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Issue: VII-6 July 15, 2008
July 15, 2008
A Publication of the Global Organization of People of Indian Origin (GOPIO)
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GOPIO is expanding in the oceanic region, Australia, New Zealand and Fiji. Several chapters have been initiated in New Zealand last month. In May this year, new GOPIO chapters were also inaugurated in Sydney and Melbourne.
At the Melbourne Chapter inauguration, Indian Consul General Ms Anita Nayar was the chief guest. Ms. Marsha Thompson Parliamentry Secretary for Industry and Trade, Mr Martin Foley MP for Albert Park, Mr Jude Perera Member for Cranbourne, Mr Ian Wilcox Dept of Trade and Foreign Affairs, Mr George Lekakis Chairperson of Victorian National Commission and various community leaders were present at the launch. Also participating were Dr Martand Joshi, former Indian Consul General, Mr N Sunderesan representing FIAV&TSM, and leaders of the various cultural, business and religious organizations.
Master of Ceremilesh Bhandari opened the formal part of the function by welcoming all guests. The speakers were Ms Anita Nayar, Consul General of India, Mr Inder Singh, President, GOPIO International and Mr Karan Narula President, GOPIO-Melbourne who also proposed a vote of thanks to all Members of Parliament, Consul General of India and present members and potential members.
Photo below: Marsha Thompson, George Lekakis and Anita Anayar
GOPIO Melbourne Launch on May 9, 2008
Photo above: GOPIO-Melbourne President Karan narula with dignitaries

Sponsors included the National Australian Bank (Mr Neesan V.Naidoo), Mercantile Pacific Pty Ltd (Mr Karan Narula and Mr Kunal Narula), Societa Cofica (Mr Dia Ram Sharma), Ashley Opals (Mr Ashok Aswani), Krishna International (Mr Bob Uppal) and Azurn (Mr Ananda Rao).
Media representatives included: Mr Neeraj Nanda (South Asia Times), Mr Raj Indian Voice), Ms Preety Jabbal (India Link Newspaper), Ms Sudha Saini (Channel 31) and Mr Moti Visa (Beyond India).
The dinner was organized in the Grand Ballroom of Hotel Windsor. After registration the invitees had some time for networking. There was light music and delicious snacks courtesy of the talented chefs.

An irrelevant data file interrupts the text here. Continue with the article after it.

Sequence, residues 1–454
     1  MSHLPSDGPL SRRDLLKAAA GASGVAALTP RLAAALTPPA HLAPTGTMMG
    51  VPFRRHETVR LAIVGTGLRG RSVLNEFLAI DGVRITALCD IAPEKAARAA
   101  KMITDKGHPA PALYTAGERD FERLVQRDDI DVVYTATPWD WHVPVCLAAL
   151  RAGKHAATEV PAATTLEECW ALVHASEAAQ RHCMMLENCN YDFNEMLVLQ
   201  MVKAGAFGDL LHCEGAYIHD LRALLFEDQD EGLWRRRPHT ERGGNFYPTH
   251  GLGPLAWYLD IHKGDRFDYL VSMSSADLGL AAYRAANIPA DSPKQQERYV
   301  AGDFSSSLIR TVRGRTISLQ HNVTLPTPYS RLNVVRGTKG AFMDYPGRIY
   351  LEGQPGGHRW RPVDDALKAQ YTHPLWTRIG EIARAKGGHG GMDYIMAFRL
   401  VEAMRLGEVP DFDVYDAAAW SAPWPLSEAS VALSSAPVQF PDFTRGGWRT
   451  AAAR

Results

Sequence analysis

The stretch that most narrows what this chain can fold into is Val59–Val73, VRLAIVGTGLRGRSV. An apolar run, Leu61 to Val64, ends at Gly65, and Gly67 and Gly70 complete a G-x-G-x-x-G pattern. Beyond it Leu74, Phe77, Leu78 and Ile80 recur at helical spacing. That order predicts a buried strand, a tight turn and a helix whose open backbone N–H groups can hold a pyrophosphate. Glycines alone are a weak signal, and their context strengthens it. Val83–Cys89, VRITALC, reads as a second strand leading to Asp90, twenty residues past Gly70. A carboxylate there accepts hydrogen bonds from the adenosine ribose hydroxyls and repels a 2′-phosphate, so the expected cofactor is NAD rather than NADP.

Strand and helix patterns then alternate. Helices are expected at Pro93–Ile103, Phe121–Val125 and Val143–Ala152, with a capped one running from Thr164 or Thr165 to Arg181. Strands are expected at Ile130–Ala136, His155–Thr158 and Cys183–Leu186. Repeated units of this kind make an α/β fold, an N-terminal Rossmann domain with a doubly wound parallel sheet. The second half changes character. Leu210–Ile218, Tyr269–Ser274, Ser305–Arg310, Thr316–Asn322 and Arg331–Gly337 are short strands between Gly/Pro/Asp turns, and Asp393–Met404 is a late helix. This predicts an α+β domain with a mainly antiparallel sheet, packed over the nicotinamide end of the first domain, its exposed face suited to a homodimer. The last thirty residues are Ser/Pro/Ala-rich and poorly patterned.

For more information on GOPIO-Melbourne, Karan Narula at E-mail:
During the visit of GOPIO Int'l team to Auckland, New Zealand on May 16, Suman Kapoor showed keen interest in starting GOPIO chapter.  She made pioneering effort to launch GOPIO Waikato chapter. GOPIO New Zealand coordinator Jeet Suchdev provided necessary support to Mrs. Kapoor in starting the first GOPIO chapter in New Zealand.
Harish Bajaj, a community leader in Auckland became GOPIO's chief supporter and has been able to convince some people to take the leadership role and initiate GOPIO chapters in various parts of Auckland. He has been instrumental in initiating the following chapters:
1.  GOPIO Auckland  East under the leadership of Naresh Shukla
2.  GOPIO Auckland West under the leadership of Virinder Aggarwal
3.  GOPIO Auckland  Botany Down under the leadership of Ramesh Gupta 
4.  GOPIO Auckland Downtown under the leadership of Rajiv Pandey
5.  GOPIO Auckland  South under the leadership of Davinder Singh Rahal
6.  GOPIO Pukekohe, Auckland under the leadership of Manjit Singh
7.  GOPIO Auckland Central under the leadership of Ashok Bhatia

GOPIO-Chapters in New Zealand Initiated
Photo Above: A cross section of the attendees at the inauguration of Waikato chapter in New Zealand 

In addition to these chapters in New Zealand, GOPIO Sydney Southwest in Australia has been initiated under the leadership of Jagdish Lal Lodha. GOPIO-Brisbane is also in the works.
GOPIO plans to expand chapters in other cities in Australia. Contact: Gambhir Watts, National Coordinator, GOPIO Australia.  (Email: Mob. 0413 880 881)
For details of GOPIO activities in the Oceanic Region (Australia, New Zealand and Fiji) contact: GOPIO's Pacific Regional Coordinator is Mr. Noel Lal who can be reached at +61-0413990184, E-mail:


Workers at a large ceramic manufacturing unit in United Arab Emirates (UAE) were detained at an undisclosed location on the outskirts of the UAE capital, Abu Dhabi, on charges of rioting. The workers - from Punjab, Rajasthan, Tamil Nadu and Kerala - of Ras Al Khaimah were rounded up by security agencies after they went on a rampage at their labor camp on Friday night to protest against the poor quality of food being served to them. Although not all of the nearly 3,000 workers were involved in the fracas, the police took all of them to Abu Dhabi and Dubai in army vehicles.